Celebrities that go from the screen to politics
Dr. Oz is the latest celebrity to make the leap into politics. Who did it before him?
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Dr. Mehmet Oz, the TV celebrity who became the family doctor of many American families for more than a decade, recently announced his candidacy for the Senate representing Pennsylvania.
The new career change for Dr. Oz, who was a renowned cardiovascular surgeon until he rose to fame alongside Oprah Winfrey in 2003, is not surprising, and the list of celebrities turning to politics is long.
American politics is already used to welcoming celebrities into its ranks, either to support political campaigns or make a career change.
This marriage began in the 60s, when the Kennedys were melting everyone with their charm, rubbing shoulders with the jet-set and Marilyn Monroe sang the suggestive "Happy Birthday Mr. President" to JFK during a fundraising gala. In 1966, Ronald Reagan, a star of 1940s Hollywood westerns, became governor of California repping the Republican Party, and then served two terms as president in the 1980s.
The latest presidential campaigns are also an example of the weight carried by Democratic celebrities.
During the candidacy of Barack Obama and the entire 'Yes we can' media movement, the influence of celebrities was decisive. Support for Hillary Clinton from celebrities with anti-Trump speeches and in favor of having a woman president went deep, even if she didn’t win. She also lost to a celebrity that year. Donald Trump was most known for his reality TV show The Apprentice, which did numbers on prime time television before he successfully ran for the White House.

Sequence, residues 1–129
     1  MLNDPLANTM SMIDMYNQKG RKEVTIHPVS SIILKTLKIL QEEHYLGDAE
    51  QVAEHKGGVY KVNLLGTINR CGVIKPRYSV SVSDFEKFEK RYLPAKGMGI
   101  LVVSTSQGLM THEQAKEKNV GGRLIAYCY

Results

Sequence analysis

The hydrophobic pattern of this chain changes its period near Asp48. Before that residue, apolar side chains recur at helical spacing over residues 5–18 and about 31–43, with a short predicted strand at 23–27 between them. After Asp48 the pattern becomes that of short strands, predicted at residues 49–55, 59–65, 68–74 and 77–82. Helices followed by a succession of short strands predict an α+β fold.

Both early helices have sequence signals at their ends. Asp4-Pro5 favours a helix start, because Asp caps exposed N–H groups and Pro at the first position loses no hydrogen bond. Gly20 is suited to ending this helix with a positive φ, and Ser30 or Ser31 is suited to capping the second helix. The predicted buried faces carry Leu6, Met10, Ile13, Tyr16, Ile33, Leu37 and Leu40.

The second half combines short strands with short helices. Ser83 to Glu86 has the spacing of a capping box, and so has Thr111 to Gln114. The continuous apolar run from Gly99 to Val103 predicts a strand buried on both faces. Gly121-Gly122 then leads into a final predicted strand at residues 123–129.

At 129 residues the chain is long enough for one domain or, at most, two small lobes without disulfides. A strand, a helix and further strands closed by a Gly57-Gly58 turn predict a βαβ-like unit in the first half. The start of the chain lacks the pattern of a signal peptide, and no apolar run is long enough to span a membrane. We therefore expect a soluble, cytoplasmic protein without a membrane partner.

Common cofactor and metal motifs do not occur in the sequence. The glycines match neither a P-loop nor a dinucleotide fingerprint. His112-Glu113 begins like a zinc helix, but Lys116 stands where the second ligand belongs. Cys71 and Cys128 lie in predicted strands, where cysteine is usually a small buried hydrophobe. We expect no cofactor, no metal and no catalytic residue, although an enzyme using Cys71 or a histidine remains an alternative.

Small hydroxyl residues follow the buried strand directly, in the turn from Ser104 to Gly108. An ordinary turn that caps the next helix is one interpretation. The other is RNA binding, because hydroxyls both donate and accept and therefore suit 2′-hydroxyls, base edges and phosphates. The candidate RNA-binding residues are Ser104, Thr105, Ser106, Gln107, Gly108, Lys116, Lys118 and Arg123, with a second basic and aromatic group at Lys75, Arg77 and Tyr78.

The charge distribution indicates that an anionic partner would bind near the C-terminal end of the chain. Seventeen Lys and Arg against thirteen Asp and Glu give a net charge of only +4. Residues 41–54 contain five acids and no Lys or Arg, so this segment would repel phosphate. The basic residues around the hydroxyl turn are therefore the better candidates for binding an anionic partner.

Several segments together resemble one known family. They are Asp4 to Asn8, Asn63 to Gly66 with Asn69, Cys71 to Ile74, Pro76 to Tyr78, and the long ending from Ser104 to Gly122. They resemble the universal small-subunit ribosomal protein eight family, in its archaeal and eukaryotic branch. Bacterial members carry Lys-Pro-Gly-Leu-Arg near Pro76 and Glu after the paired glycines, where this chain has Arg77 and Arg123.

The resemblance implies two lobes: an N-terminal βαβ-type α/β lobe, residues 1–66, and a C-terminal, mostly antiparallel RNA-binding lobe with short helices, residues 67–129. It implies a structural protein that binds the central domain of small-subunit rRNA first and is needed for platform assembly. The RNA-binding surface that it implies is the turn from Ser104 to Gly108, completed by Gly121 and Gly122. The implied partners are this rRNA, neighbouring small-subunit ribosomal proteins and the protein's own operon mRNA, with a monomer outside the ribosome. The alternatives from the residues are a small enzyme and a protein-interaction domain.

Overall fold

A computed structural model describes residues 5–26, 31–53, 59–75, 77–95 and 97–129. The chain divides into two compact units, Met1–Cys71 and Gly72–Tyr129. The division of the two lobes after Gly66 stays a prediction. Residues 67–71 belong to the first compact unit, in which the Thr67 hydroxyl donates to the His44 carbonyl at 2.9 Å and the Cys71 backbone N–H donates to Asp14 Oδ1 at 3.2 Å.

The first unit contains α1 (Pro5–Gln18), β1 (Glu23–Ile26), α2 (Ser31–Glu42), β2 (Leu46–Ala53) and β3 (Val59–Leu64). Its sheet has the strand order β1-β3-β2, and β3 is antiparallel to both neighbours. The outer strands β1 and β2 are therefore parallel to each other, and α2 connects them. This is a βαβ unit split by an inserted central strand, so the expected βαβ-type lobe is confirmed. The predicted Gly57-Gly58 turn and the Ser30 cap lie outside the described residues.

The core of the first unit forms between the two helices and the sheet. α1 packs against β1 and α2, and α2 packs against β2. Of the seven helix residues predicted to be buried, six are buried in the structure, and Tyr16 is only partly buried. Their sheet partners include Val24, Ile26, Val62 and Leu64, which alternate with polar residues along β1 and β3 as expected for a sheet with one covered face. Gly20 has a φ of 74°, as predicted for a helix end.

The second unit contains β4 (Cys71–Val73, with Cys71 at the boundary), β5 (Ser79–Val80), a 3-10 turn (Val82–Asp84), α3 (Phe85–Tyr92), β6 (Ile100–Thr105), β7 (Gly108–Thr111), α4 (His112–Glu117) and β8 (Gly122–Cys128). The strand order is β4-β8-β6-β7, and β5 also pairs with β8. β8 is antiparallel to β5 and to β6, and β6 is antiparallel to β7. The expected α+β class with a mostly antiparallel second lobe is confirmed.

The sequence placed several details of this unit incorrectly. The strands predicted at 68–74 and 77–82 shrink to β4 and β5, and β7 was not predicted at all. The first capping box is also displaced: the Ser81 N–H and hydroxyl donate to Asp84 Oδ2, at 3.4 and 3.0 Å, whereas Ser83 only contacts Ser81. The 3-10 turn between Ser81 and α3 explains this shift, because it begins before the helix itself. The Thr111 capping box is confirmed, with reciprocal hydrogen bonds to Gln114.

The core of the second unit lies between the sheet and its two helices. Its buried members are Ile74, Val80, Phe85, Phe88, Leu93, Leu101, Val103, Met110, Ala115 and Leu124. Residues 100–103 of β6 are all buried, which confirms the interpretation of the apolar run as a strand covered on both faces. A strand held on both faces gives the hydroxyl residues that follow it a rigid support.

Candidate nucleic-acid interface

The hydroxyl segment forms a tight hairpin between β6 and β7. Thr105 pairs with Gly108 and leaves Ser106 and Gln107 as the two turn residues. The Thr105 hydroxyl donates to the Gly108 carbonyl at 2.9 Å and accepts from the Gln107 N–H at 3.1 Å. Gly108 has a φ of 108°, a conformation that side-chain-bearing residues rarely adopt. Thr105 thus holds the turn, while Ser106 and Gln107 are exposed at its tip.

Unlike other candidates, Dr. Oz can benefit from fame. Millions of Americans know who he is, and his show was one of the most successful on the talk show fringe for more than 10 years. It was also controversial.
Some episodes, like one where he said that apple juice had dangerous amounts of arsenic, or invited pseudo-scientists, such as mediums or astrologers to talk about health matters, are well remembered.
But perhaps his biggest controversy has been with the coronavirus. In April last year, Oz claimed on Fox News that reopening schools may only cost us 2-3% in terms of total mortality.
“And you know, any life is a life lost, but to get every child back into a school where they're safely being educated and being fed and making the most out of their lives with a theoretical risk on the backside, it might be a tradeoff some folks would consider,” he asserted.
His statements ended in an apology on Twitter hours later.
The very issue of the pandemic drives his campaign. When he made his candidacy official, he said "we have not managed our crises as effectively as past generations."
"During the pandemic, I learned that when politics and medicine mix, you get politics instead of solutions. That is why I am running for the Senate of the United States: to help solve problems and help us heal,” he said in his campaign announcement.
Before Oz lined up as a Republican candidate, many other celebrities had already joined politics for Republicans. The most remembered, not only for his closeness, but for his scandalous passage through the White House, is Trump.
He took advantage of his media coverage monopoly to make a meteoric run for presidency.
At first, no one was betting on his candidacy and saw it more as one more eccentricity of the tycoon, the former president was adding support thanks to his controversial statements and that he was seen as a new face in politics, but known among the people.
Another superstar who made the career leap was Arnold Schwarzenegger. The actor not only saved humanity as Terminator and had the title of Mr. Universe, he was also Governor of California for seven years.
The actor was very clear that his celebrity role made it easier for him to be a politician.
"I realized very early in bodybuilding that you have to be able to sell yourself, your ideas and your position in front of the public," he explained in an interview.